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Koninklijke Philips faces a growing number of class action lawsuits being brought on behalf of individuals who now have to replace recently recalled DreamStation CPAP and BiPAP machines and mechanical ventilators, which can no longer be used due to the serious health risks that may be posed by toxic foam which may breakdown and release black particles and gases into the air pathway for the sleep apnea and breathing machines.
A massive Philips DreamStation recall was first announced on June 14, involving an estimated 3.5 million devices sold since 2009, which contained a defective polyester-based polyurethane (PE-PUR) sound abatement foam used to reduce noise and vibrations while using the CPAP and BiPAP machines. However, the company is now telling consumers to immediately stop using most of the products, but is not providing any replacement CPAP or BiPAP device for those who rely on the machines for sleep apnea treatment.
In a complaint (PDF) filed in the U.S. District Court for the Central District of California on July 16, Lisa Mitrovich indicates that Koninklijke Philips, also known as Royal Philips or Philips Respironics, should be forced to provide a refund for owners of the recalled CPAP and BiPAP machines, as well as replace the devices with ones that do not experience the same foam degradation problems.
Mitrovich, of Los Angeles, indicates she purchased a DreamStation BiPAP machine for about $900 in 2019, after being diagnosed with sleep apnea. The lawsuit indicates she would have not purchased the device if she had known about the health risks connected to the sound abatement foam, and now has to purchase another machine or go without the sleep apnea treatment.
“She would not have purchased this product if she had known it was defective, included an unsuitable polyurethane foam which excludes a potentially carcinogenic by product and other material hazardous to her health,” the lawsuit states. “To date, Defendants have failed to replace ore repair her machine, or to provide any assistance.”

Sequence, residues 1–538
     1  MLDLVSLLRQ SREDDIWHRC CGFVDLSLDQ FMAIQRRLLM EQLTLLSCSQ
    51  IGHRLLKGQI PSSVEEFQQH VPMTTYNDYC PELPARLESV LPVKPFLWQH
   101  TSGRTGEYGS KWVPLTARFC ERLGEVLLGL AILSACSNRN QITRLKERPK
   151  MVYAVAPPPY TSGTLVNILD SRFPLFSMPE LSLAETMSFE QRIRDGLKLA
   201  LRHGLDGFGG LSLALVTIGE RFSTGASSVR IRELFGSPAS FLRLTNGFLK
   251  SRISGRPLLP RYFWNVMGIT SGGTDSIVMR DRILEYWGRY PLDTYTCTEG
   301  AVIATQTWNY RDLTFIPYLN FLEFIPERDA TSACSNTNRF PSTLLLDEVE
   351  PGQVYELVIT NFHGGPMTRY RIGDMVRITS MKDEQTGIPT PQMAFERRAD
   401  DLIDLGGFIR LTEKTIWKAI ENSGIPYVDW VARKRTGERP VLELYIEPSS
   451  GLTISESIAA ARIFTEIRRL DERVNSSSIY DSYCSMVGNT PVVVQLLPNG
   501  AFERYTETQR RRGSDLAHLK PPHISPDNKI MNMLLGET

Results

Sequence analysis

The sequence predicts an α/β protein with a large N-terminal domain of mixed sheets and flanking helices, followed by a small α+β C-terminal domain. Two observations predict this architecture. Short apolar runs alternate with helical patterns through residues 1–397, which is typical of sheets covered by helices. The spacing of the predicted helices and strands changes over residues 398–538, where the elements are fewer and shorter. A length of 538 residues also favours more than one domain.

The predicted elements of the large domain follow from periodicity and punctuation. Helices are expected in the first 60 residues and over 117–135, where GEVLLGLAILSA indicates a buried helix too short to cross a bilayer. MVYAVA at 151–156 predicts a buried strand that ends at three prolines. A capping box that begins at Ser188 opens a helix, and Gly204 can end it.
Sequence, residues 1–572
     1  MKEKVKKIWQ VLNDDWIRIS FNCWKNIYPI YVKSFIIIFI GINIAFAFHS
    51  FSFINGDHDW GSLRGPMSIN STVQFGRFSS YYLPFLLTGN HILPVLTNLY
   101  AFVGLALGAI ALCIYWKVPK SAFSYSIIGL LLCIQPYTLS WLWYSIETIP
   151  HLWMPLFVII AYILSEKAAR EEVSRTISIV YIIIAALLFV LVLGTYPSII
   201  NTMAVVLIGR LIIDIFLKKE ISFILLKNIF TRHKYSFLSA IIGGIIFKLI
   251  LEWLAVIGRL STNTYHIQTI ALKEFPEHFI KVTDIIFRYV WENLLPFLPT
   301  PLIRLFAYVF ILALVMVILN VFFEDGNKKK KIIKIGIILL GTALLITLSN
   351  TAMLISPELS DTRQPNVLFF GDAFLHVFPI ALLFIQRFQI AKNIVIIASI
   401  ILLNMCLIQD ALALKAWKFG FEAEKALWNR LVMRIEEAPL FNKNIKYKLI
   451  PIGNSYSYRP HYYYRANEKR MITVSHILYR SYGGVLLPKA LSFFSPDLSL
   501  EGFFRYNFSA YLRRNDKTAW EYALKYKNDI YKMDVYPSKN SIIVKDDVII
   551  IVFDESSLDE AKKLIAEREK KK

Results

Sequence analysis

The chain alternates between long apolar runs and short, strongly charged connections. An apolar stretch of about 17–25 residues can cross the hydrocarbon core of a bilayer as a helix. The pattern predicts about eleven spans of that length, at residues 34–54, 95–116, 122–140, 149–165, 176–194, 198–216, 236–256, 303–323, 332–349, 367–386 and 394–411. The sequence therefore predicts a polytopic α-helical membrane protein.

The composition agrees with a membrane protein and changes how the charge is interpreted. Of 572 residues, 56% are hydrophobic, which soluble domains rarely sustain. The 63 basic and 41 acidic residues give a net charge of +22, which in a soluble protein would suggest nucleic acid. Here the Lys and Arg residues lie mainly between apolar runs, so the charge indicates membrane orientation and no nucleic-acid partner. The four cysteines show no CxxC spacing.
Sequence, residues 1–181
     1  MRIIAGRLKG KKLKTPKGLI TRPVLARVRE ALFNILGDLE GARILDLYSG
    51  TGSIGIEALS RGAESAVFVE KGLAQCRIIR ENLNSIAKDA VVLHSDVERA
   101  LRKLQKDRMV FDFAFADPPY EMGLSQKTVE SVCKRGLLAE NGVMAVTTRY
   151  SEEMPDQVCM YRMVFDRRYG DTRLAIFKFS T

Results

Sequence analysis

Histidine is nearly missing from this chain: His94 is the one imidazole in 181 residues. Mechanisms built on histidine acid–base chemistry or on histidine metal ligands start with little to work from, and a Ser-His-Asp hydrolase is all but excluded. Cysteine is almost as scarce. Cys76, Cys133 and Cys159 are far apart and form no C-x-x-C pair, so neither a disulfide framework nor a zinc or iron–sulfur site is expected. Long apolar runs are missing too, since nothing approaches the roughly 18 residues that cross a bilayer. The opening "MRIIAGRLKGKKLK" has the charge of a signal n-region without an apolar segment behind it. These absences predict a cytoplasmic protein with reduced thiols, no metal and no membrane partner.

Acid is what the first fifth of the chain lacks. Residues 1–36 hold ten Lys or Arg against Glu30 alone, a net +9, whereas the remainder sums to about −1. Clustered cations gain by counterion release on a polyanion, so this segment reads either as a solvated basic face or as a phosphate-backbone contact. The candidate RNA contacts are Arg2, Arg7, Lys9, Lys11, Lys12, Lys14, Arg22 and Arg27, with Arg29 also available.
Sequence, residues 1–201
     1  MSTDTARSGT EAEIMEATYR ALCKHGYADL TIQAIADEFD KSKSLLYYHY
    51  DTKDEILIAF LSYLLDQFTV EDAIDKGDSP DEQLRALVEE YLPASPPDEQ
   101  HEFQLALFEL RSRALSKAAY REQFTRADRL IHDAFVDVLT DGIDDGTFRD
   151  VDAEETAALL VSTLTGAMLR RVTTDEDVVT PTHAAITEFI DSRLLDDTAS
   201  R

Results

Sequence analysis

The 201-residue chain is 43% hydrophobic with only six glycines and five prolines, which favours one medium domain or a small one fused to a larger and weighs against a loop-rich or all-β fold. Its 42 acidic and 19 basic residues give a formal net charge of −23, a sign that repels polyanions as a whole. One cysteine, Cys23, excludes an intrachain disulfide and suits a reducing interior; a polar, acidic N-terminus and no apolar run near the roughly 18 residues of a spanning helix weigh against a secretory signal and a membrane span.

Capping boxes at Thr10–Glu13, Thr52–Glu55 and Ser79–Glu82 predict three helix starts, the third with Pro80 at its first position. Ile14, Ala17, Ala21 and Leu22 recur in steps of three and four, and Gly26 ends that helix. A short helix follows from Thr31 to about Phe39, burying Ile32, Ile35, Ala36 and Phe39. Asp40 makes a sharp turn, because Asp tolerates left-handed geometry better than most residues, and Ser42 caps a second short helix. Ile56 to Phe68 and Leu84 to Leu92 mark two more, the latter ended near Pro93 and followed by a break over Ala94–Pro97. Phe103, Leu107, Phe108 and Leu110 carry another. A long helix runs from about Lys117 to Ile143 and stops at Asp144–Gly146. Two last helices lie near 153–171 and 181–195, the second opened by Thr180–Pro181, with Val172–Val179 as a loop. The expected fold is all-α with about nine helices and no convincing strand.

The case is one of a growing number of Philips DreamStation class action lawsuits filed in courts nationwide, and the company is also expected to face tens of thousands of individual injury claims brought by individuals who have been diagnosed with cancer, respiratory issues or other health problems that may have resulted from exposure to chemicals and debris released by the PE-PUR foam.
Philips CPAP Machine Health Concerns
After Philips first disclosed the health risks posed by the CPAP/BiPAP machine foam, the FDA issued a safety communication on June 30, warning consumers and healthcare providers to immediately stop using the recalled breathing machines and seek medical attention if they are experiencing side effects.
The FDA warns replacement devices may not be readily available, and indicates individuals who use Philips DreamStation, CPAP or BiPAP machines should contact their healthcare providers to discuss a suitable treatment alternatives, which may involve more long-term life-style changes or more invasive CPAP treatment options.
For users with recalled Philips ventilators, which provide mechanical breathing assistance, the FDA indicates not to stop or change ventilator until after speaking with a doctor, as some patients require the life-sustaining therapy. While these users can place an inline bacterial filter in the device to catch the foam particles before they enter the airways, this may impede the ventilator performance and increase resistance of airflow through the device, according to federal health officials. In addition, this will not protect against problems caused by “off-gassing” of chemicals from the degraded foam.
Philips has suggested individuals living in areas with high temperatures or humidity may face an increased risk of the CPAP machine foam degrading, and certain ozone or UV light cleaning products may further accelerate the problems.
Koninklijke Philips, N.V. generated over $23 billion in revenue last year, and is expected to face massive liability from lawsuits and CPAP machine settlements over the next few years.